Independent Study Guidelines
Independent study is an educational experience (taken for credit) which occurs outside the traditional "classroom/laboratory" setting. These experiences are considered to be serious programs of study and will include an experiential component which is not simply a report of information gathered from books and other sources. The project is faculty supervised and tailored to fit the interests of a specific student and those of the sponsoring faculty member. Along with course credit, students may apply for stipends through the college's Summer Scholar program or the departmental William Carroll fund. Research projects can be extended to a second term and can lead to Honors in the Major. Students will be encouraged to submit their work to a refereed journal for publication. Examples of past independent studies in each of physics, computer science and mathematics can be found here.
Students are encouraged to find an area of interest to them and to work with a faculty mentor with either expertise or interest in that area.
- Criteria for approval of projects will include the appropriateness of the plan of study and the student's ability to carry out the plan of study.
- Independent study credit, in general, is not given for activity for which the student is being paid.
- Independent study credit is not given for the study of material normally offered in a regular course offering.
- An independent study is a 400-level course and will be treated as such. The work is graded according to the standards and scale of regular course work.
Students planning to register for an independent study must have at least a 3.0 GPA in the major and have completed the sophomore level major courses.
- Up to two units of independent study may be offered towards the degree requirements.
- Prior to enrollment in an independent study, the student must discuss their intention with their advisor, faculty sponsor, and the department chairperson.
- In the semester prior to the semester in which an independent study is to be taken, the student is required to submit a specific plan which must include, but not be limited to, the following:
a) Project title.
b) A clear and complete statement of project objectives.
c) A concise statement of the plans and methods to be used in order to accomplish each objective.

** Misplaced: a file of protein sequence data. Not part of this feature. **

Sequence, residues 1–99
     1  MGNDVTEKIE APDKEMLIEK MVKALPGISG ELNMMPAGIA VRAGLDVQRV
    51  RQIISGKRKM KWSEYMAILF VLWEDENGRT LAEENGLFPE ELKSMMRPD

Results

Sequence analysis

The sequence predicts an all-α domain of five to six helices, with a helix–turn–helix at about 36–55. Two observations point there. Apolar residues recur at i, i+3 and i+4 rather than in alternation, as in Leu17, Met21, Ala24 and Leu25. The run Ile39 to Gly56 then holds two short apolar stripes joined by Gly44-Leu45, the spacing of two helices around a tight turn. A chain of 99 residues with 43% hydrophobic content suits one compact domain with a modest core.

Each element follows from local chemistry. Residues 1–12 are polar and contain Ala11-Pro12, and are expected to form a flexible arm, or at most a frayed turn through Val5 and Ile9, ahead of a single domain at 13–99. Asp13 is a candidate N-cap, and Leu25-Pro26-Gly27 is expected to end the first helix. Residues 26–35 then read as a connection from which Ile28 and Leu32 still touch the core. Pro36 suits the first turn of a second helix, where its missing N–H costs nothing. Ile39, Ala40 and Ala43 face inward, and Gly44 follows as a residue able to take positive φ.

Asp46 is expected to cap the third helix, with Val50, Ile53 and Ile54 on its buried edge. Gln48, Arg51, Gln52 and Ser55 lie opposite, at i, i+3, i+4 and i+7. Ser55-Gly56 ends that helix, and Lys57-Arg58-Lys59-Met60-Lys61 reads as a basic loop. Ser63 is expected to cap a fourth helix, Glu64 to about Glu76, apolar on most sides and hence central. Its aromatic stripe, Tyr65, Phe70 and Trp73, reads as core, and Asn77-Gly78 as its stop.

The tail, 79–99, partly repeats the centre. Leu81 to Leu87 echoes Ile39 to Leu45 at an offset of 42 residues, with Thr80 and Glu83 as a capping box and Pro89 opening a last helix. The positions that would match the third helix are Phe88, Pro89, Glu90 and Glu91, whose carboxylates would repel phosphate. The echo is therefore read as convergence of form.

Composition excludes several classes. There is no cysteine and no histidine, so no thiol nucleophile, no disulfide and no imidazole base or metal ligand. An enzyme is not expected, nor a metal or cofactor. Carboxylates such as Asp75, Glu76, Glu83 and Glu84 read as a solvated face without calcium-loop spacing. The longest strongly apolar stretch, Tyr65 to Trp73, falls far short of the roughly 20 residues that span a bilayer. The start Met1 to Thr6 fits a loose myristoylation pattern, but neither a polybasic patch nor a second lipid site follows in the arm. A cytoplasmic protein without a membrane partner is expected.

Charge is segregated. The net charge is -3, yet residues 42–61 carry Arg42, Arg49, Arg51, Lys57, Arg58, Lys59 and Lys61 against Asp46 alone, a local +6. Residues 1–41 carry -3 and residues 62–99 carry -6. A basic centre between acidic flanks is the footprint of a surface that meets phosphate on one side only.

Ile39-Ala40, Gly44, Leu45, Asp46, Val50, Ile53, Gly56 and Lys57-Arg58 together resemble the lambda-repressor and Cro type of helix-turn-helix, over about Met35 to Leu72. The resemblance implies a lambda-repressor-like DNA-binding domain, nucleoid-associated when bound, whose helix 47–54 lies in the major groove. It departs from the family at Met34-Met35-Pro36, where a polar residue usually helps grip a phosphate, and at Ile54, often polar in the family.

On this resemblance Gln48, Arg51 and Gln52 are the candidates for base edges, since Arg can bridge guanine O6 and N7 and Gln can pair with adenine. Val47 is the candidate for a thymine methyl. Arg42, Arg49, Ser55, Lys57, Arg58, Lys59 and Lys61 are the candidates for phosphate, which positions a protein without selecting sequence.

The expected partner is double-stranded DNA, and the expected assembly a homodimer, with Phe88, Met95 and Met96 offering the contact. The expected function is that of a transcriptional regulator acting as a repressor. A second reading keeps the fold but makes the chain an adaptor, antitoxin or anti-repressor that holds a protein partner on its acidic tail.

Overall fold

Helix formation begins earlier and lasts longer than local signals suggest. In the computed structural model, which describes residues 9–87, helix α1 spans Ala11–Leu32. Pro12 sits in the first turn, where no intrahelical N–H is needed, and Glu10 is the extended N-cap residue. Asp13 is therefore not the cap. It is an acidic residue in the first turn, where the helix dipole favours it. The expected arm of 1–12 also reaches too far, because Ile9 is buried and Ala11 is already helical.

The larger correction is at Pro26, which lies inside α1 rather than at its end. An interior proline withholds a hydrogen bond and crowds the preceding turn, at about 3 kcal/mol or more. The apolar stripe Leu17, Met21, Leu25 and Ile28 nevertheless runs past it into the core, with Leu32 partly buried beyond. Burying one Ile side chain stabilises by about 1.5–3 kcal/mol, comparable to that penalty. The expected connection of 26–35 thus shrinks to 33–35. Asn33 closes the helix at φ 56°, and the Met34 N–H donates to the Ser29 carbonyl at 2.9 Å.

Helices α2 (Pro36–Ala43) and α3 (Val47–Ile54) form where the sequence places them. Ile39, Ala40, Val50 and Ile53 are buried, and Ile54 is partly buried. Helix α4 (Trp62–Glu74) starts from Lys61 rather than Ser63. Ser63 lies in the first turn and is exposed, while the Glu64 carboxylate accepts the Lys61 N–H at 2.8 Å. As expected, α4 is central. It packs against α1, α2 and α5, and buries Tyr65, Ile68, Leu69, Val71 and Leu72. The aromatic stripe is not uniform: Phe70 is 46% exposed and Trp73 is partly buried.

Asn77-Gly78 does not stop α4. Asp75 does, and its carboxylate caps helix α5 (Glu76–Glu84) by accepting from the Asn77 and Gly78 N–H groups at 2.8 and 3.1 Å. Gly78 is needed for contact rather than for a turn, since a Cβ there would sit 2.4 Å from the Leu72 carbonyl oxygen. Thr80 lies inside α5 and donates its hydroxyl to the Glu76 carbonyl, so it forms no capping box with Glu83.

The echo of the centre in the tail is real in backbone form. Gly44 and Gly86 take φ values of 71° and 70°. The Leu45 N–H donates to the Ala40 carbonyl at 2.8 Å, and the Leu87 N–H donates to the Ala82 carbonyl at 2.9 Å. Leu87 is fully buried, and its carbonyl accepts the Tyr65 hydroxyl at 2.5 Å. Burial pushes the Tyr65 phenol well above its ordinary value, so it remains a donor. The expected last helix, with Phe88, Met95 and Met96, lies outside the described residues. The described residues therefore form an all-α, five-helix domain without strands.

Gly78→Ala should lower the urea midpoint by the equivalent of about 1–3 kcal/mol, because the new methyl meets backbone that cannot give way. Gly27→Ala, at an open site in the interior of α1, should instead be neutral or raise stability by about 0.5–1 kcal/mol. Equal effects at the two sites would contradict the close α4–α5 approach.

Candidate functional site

d) A time plan indicating when various parts of the work are to be completed.
e) A schedule for meetings with the faculty sponsor to discuss progress.
- The plan must be approved by the faculty sponsor and the department chair prior to the beginning of the semester in which the student plans to register for the independent study. The proposal agreed upon will be signed by the student, faculty sponsor, department chair, and the student's academic advisor and will serve as a contract among all parties.
- Prior to the end of the withdrawal period, the student must demonstrate sufficient progress has been made towards the completion of their work. If insufficient progress has been made, the student may be withdrawn from the course.
- The student must submit a final written report on the project or course of study to his/her faculty sponsor for distribution to the department faculty one week prior to the student's oral presentation.
- An oral presentation on the project must be given to the department faculty and interested students before the end of the term.
- In consultation with the department faculty, a grade on the project will be determined by the faculty sponsor, with final approval by the chairperson.
Elvis, the 6-year-old pet of Dr. Tim Pennings, has found his way into the hearts of calculus lovers across the country by ingratiating himself in the world of calculus. Dr. Roland Minton discusses how he discovered Elvis and the relationship he has developed with both Elvis and Dr. Tim Pennings.